31 Jan 2012

Who will drive change in Tanzania? Young people?

By Daraja's Monitoring and Research Officer, Eric Kalunga

Last week Twaweza hosted a panel discussion. The theme was ‘who will drive change in Tanzania?’ while the country is at a crossroads and faces unprecedented crises. It was proposed the choices that are made in the next few years may be pivotal to moving Tanzania forward.  But to do this who do people turn to? The government? CCM?  Chadema? Religion?  NGOs?  The media or an enlightened private sector? The three panelists represented three sectors among our potential saviours; Maria Sarungi, John Ulanga and Zitto Kabwe.

“Frustrations are so huge we are in a situation of hopelessness,” said Zitto Kabwe (MP Chadema) when he was invited to speak by the moderator Ayoub Warioba. He spoke of a leadership crisis, lack of accountability and citizens who do not trust each other anymore. The way out according to the MP was a strong accountability system, an independent media (not the ‘mercenary media’ we have now) and evidence based civil society organizations. But above all this he said we needed to place all our hopes in the young and upcoming politicians. Create a code of ethics for young politicians and have periodic reviews to ensure no one steps out of line. According to Mr Kabwe, this is the way to avoid the crisis looming over Tanzania.

25 Jan 2012

Deputy Minister for Local Government, Agrrey Mwanri, visits Njombe

Deputy Ministry for PMORALG, Aggrey Mwanri (left)
I got an invitation last week to a meeting with the Deputy Minister for Local Government (PMORALG/TAMISEMI), Agrrey Mwanri, who was visiting Njombe. The invitation said he had requested to meet with local government leaders, religious leaders and "wazee wa mji" (town elders). Since I'm neither a leader of local government nor any religious group, I supposed I must have qualified for "elder" status, and thought I should go along. Plus, Mwanri has been making quite a stir locally with his unusually hands-on approach to his role (see photo, and the links below), and I wanted to see what the fuss what about.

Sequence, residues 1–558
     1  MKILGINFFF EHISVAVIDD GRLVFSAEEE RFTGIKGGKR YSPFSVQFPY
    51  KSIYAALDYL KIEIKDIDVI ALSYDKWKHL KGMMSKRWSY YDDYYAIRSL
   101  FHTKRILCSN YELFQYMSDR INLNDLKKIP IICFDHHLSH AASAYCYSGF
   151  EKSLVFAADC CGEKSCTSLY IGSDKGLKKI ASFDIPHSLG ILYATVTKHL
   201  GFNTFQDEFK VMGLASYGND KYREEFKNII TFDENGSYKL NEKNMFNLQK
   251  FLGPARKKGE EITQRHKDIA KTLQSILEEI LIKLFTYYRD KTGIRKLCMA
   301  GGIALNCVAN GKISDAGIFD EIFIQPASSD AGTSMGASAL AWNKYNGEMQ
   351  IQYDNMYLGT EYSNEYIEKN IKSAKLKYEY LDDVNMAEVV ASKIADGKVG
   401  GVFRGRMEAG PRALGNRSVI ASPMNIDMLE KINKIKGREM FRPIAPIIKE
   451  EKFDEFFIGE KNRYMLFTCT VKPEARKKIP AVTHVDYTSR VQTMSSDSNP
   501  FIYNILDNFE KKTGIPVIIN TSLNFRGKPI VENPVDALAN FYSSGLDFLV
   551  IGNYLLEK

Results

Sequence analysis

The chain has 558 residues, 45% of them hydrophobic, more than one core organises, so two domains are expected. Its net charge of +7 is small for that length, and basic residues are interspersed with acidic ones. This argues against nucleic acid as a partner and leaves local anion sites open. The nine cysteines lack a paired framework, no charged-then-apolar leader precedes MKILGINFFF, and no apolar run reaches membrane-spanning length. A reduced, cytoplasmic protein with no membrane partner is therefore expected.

I was not disappointed. The Minister spoke at length (around 3 hours) without notes on issues of local governance, and was clearly in confident command of his brief.

18 Jan 2012

Running a hybrid - NGO and media cultures combine

A little while ago, I posted an old op-ed column by Rakesh Rajani, in which he asked "What if NGOs were newspapers?" And I promised to follow it up with some thoughts on our situation here at Daraja, where we are an NGO that runs newspapers, to see how accurate Rakesh's ideas were. Well, here goes.

Rakesh's main point was that NGOs are not subject to the strict deadlines that rule newspapers' work, or to the same kind of pressure that newspapers face to give readers what they want. A reporter who misses a deadline finds that their story isn't published. A newspaper that comes out late risks missing out on sales and undermining their readers' trust. And if a newspaper writes about things that don't interest their readers then that paper won't get bought again. The nearest equivalent pressures on NGOs have often very little to do with the community - their "beneficiaries" - and more to do with keeping their donors happy.

In other words, NGOs aren't as strongly accountable to the community as newspapers for doing their work on time or for doing it well.

6 Jan 2012

A good start to 2012

2011 ended with a disappointment - the loss of Mzee "Njoo Uone" Augstino Hongole, the chair of Kwanza Jamii Njombe's Editorial Board and inspiration to Daraja, was hard to take.

But he would have been delighted with how 2012 has begun, with our Kwanza Jamii newspapers getting wider exposure in the UK. The Journalism Foundation, a recently-established body headed by Simon Kelner, respected former editor of The Independent newspaper, has published an article by Daraja's Executive Director, Ben Taylor, "Local newspaper project putting the community first in rural Tanzania". This is one of a series of first-person accounts from people "on the journalistic front line," introduced here by Simon Kelner.